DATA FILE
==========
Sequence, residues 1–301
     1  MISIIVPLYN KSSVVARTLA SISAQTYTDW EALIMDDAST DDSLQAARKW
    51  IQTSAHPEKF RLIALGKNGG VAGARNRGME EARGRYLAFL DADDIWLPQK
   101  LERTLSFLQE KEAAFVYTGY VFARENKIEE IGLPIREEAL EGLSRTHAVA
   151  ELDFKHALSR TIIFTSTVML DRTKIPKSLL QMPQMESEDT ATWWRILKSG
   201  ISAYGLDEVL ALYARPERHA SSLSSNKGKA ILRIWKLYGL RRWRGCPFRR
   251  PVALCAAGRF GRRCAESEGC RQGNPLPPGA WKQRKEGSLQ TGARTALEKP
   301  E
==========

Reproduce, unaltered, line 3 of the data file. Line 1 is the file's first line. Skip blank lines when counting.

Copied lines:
    51  IQTSAHPEKF RLIALGKNGG VAGARNRGME EARGRYLAFL DADDIWLPQK